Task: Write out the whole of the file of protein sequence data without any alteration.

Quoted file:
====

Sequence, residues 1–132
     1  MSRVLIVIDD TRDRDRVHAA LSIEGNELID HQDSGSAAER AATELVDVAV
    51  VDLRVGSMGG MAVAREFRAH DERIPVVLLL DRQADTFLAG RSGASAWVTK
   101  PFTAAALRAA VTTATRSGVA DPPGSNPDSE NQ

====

Sequence, residues 1–132
     1  MSRVLIVIDD TRDRDRVHAA LSIEGNELID HQDSGSAAER AATELVDVAV
    51  VDLRVGSMGG MAVAREFRAH DERIPVVLLL DRQADTFLAG RSGASAWVTK
   101  PFTAAALRAA VTTATRSGVA DPPGSNPDSE NQ